You’re right – I flew in and out of OAK for Thanksgiving, it was fine (other than not being able to get breakfast before my early flight home.) I was just being snarky, but unless WN wants to stimulate traffic with lower fares (and trash yields are already the problem for B6 and WN at LGB) there are a finite number of people who want to fly to the Bay Area or Sacramento from Greater LA.

        • Tim says:

          There are 2.7 million people in the East Bay, compared with 850k in SF, so no, it is doubtful that the majority of OAK traffic is for SF

  17. Michael Jones says:

    I don’t understand what the people of Long Beach would fear from a Customs station at their airport. I would think they would welcome it with open arms because of the increased economic opportunity not to mention cultural and educational opportunities. We have had a U.S. Customs station at our airport, BRO, here on the Texas – Mexico border since 1929, we also have a sea port, rail, highway and now a spaceport. These are the life blood our our community and allow us to call ourselves the Crossroads of the Hemisphere. It makes no sense that Long Beach would not want this…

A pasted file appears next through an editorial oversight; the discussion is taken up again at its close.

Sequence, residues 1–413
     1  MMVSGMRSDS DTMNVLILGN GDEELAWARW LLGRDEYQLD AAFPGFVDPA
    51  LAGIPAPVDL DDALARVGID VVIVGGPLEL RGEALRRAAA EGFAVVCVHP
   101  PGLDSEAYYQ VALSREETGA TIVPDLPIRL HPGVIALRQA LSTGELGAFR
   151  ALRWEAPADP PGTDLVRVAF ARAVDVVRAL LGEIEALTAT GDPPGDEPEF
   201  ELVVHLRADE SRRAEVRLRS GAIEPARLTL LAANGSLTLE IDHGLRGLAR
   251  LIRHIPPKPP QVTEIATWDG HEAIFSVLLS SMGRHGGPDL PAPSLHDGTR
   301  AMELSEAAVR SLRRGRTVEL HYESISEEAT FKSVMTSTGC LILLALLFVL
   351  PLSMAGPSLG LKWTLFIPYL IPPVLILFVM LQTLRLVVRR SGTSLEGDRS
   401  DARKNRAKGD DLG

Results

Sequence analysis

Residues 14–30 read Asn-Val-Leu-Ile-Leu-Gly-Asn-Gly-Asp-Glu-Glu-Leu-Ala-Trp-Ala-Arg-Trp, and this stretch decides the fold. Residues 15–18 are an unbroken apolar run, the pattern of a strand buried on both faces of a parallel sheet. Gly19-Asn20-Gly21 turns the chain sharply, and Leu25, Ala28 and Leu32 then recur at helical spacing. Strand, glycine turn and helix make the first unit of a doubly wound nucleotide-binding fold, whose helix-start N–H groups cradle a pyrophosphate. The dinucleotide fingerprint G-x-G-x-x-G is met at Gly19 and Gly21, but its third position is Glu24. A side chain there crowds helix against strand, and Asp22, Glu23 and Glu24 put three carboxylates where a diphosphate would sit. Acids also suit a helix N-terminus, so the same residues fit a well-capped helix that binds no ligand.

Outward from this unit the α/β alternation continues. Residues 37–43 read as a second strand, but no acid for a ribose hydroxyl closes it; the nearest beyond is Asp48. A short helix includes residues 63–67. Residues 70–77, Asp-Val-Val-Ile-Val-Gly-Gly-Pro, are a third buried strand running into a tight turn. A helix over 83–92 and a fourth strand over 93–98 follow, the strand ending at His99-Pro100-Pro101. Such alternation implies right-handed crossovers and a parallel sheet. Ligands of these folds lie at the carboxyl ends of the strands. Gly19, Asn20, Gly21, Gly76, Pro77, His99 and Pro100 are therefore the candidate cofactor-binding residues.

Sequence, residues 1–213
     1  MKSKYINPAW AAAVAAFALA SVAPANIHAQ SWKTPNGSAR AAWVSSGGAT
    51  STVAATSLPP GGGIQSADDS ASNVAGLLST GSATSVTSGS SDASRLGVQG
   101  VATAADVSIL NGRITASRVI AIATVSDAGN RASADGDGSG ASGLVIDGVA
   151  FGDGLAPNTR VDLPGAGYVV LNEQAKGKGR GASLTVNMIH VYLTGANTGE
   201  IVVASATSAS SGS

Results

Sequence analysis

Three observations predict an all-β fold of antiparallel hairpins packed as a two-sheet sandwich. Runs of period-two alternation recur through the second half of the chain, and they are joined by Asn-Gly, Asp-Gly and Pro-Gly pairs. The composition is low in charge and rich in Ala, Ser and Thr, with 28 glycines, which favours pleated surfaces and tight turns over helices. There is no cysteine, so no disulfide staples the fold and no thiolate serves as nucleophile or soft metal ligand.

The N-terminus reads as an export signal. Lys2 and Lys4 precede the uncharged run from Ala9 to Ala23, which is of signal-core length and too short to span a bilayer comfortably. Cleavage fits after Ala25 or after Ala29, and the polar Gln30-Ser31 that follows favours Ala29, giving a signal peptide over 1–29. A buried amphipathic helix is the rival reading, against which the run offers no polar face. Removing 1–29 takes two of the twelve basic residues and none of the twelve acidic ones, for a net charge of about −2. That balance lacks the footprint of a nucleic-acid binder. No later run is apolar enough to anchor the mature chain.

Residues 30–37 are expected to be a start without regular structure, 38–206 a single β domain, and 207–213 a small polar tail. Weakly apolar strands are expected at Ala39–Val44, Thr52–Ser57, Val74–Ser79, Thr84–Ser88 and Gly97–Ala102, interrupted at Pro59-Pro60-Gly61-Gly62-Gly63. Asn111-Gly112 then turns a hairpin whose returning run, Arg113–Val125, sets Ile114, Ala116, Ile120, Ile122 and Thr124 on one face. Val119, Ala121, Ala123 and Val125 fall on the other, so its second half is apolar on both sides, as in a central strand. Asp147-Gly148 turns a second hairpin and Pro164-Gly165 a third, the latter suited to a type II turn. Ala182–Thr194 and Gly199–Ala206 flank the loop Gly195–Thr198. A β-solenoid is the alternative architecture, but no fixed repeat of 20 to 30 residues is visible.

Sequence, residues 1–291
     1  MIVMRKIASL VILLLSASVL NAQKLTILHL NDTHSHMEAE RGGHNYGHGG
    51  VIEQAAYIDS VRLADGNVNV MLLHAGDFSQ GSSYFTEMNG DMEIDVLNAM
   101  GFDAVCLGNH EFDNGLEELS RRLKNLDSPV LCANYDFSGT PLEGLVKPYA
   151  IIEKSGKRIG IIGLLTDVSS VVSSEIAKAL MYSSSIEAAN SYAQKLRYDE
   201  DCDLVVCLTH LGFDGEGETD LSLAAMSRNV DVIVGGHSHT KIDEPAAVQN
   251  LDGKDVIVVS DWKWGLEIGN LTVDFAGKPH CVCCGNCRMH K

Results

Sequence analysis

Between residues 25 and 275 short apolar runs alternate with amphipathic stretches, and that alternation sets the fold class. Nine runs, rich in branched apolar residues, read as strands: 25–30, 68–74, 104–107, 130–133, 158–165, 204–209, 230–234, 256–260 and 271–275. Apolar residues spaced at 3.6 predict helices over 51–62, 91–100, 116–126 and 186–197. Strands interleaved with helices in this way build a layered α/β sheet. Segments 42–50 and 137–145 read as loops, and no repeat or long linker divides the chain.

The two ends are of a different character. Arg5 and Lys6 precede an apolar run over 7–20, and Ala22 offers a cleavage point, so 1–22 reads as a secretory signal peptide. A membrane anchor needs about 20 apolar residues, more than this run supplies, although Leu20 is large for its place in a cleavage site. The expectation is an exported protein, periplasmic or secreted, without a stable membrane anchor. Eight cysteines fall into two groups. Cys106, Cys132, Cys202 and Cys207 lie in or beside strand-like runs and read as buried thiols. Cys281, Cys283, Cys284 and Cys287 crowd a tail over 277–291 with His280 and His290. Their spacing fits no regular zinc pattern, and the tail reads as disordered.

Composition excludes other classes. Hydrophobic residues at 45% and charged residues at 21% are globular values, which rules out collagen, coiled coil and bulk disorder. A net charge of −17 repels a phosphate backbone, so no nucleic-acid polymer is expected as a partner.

18. Andrew M says:

    Kudos to Southwest for seeking to build up LGB. Its very much a natural evolution of plugging in another SoCal station to its active network. I am sure many WN fliers will enjoy having the additional choice.

    As far as JetBlue, in my mind, they are the ones that poisoned the relationship with the community and city. Year after year of endless curfew violations which the city has tried to quell with ever higher fines, yet the airline has continued to thumb its nose and kept breaking the regulations.

    As far as the slot usage policy, its no-brainer. Of course the airport should be able to ensure limited assets (slots) are properly utilized and carriers dont squat on them.

  19. Jim says: